- Page 1Fujifilm FinePix HS10
- Page 2 Features and Design 1
- Page 3 Features and Design 2
- Page 4 Performance and Results
- Page 5 Specification
- Page 6 Test Shots – ISO Performance
- Page 7 Test Shots – Detail And Lens Performance
- Page 8 Test Shots – Zoom, Contrast and Colour
- Review Price: £399.00
Super-zoom digital cameras have been around for a long time, but it seems that recently most of the manufacturers are treading water with their designs, with only one or two models in their range and only updating them at irregular intervals with more powerful sensors and ever-longer zoom ranges. The only company that seems to put any effort into the super-zoom market is Fujifilm, which has no fewer than nine such cameras in its range, including the FinePix S2500HD, the outstanding FinePix S200 EXR and today’s review camera, the new FinePix HS10.
The S200 EXR was always going to be a tough act to follow, so Fujifilm has pulled out all the stops and loaded the HS10 with every feature they could think of, including several new ones that are unique to this camera. Its basic specification is impressive to say the least. It has an amazingly powerful but very compact 30x zoom lens, the longest zoom range of any current camera, with a focal length range equivalent to 24-720mm, a maximum aperture of f/2.8-5.6 and manual zoom control. It has a 10.0-megapixel 1/2.3-inch back-illuminated CMOS sensor, a 3.0-inch 230k articulated monitor, a field-sequential 0.2-inch 200k resolution electronic viewfinder, and can shoot full 1080p HD video with stereo sound.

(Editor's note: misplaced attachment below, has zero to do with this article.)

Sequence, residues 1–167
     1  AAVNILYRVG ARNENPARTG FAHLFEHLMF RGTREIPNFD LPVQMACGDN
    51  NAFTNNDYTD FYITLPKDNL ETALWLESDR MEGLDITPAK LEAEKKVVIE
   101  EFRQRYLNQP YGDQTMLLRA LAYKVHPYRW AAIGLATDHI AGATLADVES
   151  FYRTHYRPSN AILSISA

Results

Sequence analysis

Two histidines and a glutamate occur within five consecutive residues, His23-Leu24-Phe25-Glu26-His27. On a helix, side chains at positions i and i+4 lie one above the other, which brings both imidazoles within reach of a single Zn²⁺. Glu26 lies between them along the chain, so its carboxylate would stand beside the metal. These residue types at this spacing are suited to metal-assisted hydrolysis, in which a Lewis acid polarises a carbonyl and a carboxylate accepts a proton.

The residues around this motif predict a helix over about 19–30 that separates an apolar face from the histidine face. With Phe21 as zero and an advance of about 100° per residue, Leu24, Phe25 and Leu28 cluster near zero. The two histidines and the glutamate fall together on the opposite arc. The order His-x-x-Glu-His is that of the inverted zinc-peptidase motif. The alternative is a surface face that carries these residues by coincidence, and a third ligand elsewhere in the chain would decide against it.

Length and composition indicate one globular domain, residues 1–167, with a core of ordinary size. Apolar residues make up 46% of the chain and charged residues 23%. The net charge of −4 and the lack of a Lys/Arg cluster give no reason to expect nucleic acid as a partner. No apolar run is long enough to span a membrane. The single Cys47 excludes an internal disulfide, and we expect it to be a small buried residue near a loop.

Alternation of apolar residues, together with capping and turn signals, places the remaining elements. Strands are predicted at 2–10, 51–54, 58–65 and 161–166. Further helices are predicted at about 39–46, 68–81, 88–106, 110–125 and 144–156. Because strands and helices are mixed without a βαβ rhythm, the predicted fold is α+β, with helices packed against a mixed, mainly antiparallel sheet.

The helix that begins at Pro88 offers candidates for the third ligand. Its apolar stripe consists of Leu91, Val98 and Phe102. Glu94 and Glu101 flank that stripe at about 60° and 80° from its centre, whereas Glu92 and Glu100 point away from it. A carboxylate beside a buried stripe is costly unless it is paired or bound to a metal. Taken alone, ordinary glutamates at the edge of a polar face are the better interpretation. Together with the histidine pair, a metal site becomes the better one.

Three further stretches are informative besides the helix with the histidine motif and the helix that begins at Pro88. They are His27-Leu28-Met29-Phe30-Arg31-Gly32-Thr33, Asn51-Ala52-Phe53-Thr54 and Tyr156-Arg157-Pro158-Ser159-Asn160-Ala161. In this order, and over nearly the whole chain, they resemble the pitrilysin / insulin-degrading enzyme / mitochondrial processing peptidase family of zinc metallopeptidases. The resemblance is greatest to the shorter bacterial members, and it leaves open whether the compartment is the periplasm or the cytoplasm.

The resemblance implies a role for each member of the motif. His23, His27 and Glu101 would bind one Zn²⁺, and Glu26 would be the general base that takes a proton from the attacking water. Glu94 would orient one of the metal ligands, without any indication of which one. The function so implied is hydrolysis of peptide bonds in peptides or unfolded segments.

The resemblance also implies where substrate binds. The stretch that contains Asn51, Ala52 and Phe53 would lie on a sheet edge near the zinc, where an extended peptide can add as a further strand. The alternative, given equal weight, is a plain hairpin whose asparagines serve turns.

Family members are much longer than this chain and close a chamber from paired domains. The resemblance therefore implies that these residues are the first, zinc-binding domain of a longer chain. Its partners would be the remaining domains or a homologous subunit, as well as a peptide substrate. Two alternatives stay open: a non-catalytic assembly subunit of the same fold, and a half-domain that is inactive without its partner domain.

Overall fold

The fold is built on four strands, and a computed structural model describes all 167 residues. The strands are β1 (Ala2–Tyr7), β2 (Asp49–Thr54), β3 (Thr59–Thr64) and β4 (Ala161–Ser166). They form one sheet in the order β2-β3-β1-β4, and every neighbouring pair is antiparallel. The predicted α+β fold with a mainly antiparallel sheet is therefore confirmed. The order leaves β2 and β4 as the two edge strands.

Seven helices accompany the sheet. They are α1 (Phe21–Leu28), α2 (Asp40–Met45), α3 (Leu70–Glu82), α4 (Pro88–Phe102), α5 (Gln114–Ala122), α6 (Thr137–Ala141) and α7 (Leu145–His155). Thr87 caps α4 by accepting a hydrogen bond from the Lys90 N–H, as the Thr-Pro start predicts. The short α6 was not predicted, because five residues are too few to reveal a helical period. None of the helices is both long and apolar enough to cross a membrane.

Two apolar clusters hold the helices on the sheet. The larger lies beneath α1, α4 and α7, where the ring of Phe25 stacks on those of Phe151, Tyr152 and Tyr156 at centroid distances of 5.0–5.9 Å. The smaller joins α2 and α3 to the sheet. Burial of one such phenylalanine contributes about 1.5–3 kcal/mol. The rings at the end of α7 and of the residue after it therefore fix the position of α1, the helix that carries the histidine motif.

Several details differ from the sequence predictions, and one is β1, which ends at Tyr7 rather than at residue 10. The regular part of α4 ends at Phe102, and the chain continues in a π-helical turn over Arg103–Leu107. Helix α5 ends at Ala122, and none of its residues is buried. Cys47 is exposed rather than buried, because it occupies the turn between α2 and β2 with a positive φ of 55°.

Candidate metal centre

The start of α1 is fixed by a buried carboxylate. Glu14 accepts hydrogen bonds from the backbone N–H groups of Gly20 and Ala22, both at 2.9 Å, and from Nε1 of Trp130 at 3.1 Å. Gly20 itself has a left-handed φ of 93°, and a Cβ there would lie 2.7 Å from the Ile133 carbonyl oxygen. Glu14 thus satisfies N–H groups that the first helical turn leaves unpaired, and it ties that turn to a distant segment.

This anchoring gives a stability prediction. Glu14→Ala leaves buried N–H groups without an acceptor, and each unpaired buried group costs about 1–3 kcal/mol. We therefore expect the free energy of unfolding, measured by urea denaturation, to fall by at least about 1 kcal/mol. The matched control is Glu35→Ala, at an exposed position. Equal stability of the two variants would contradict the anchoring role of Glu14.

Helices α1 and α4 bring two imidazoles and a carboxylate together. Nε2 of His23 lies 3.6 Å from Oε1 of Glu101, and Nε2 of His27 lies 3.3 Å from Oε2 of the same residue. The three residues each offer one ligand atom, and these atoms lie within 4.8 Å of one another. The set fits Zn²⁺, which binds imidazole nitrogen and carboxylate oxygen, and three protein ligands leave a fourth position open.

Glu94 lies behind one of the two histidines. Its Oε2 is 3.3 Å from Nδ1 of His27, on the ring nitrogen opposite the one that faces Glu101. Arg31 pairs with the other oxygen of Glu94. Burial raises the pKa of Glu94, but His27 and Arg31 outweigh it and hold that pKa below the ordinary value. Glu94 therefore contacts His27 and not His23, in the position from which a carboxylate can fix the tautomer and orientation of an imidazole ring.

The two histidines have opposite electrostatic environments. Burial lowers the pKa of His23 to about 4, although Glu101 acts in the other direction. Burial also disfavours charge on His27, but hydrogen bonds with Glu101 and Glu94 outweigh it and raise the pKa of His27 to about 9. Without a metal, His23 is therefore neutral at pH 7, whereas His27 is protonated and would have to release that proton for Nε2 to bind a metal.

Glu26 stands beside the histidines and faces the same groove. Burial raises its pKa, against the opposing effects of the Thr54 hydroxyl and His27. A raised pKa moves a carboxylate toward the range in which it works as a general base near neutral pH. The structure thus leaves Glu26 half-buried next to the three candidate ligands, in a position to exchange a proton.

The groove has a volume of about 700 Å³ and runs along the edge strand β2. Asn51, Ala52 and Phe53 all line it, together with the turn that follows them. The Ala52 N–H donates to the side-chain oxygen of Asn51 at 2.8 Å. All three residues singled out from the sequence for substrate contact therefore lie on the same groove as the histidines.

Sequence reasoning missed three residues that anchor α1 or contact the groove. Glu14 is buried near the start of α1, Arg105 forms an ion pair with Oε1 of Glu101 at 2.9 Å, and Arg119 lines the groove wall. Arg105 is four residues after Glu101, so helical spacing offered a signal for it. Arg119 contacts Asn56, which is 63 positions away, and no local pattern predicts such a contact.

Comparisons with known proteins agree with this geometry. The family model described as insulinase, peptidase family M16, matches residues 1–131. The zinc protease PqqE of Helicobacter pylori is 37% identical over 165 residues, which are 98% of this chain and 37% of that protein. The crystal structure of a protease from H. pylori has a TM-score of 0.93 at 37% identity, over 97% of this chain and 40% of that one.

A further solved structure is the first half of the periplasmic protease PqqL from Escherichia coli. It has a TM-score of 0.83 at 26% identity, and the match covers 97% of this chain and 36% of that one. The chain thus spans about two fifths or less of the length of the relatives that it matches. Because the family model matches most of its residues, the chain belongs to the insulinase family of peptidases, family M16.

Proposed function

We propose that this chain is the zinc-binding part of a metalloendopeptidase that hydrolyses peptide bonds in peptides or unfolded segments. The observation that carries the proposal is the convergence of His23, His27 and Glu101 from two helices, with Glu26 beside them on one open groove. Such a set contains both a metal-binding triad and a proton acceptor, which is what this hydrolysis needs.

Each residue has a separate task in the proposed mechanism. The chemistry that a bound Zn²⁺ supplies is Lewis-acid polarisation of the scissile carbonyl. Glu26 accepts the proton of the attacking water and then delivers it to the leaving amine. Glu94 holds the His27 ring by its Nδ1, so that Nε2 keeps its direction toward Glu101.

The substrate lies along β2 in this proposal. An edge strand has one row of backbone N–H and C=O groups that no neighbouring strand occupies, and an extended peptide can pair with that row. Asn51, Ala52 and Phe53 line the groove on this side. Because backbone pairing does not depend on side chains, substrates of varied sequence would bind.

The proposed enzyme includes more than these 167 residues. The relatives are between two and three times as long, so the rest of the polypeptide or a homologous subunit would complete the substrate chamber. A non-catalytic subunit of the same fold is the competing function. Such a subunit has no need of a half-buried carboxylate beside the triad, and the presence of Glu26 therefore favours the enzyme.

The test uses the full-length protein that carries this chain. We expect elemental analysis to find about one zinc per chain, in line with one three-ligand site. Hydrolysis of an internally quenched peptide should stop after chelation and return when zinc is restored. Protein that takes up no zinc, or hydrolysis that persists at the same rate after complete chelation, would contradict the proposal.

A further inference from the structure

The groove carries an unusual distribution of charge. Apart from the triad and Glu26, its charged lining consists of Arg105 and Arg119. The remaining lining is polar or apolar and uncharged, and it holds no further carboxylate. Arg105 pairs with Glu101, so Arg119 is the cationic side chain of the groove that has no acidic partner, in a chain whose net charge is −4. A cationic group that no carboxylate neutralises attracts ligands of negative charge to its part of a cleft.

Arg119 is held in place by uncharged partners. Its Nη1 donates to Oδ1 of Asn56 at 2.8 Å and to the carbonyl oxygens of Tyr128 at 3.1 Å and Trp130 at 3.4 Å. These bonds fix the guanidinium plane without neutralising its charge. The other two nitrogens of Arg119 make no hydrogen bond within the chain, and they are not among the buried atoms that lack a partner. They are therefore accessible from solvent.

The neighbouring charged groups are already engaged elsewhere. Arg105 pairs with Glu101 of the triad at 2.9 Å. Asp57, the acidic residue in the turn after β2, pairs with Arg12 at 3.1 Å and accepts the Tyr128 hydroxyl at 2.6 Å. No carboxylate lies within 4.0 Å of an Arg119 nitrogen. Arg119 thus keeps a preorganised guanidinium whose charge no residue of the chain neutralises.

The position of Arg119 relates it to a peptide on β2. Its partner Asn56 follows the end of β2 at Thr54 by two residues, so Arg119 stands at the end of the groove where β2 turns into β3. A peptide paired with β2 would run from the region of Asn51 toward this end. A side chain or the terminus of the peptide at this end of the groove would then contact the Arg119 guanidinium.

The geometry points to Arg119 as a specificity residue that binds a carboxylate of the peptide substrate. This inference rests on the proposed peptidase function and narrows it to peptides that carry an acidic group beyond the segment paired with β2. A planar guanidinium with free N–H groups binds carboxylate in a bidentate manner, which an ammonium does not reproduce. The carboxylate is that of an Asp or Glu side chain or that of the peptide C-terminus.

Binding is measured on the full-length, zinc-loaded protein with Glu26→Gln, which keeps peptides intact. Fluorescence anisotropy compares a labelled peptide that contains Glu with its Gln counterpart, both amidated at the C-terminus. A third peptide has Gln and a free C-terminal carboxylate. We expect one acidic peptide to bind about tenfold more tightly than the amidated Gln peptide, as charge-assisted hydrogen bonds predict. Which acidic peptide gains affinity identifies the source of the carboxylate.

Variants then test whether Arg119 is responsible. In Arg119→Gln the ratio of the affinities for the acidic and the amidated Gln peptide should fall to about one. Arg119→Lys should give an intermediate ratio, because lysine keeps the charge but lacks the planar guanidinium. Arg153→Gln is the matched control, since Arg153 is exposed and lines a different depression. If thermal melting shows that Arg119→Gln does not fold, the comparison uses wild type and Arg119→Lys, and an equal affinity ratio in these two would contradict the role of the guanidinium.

With most other manufacturers concentrating their development efforts on long-zoom compacts and new mirrorless system cameras the HS10 doesn’t have a lot of direct competition. The newly announced Panasonic FZ100 offers full HD video and a 24x zoom lens, but its closest competitor is the 18-month-old Canon PowerShot SX1 IS, which features full HD video, stereo audio and an articulated monitor, but only has a 20x zoom lens. It’s also about the same price. The Fuji HS10 is currently selling for around £399, but Fuji cameras tend to fall in price quite dramatically after a few months.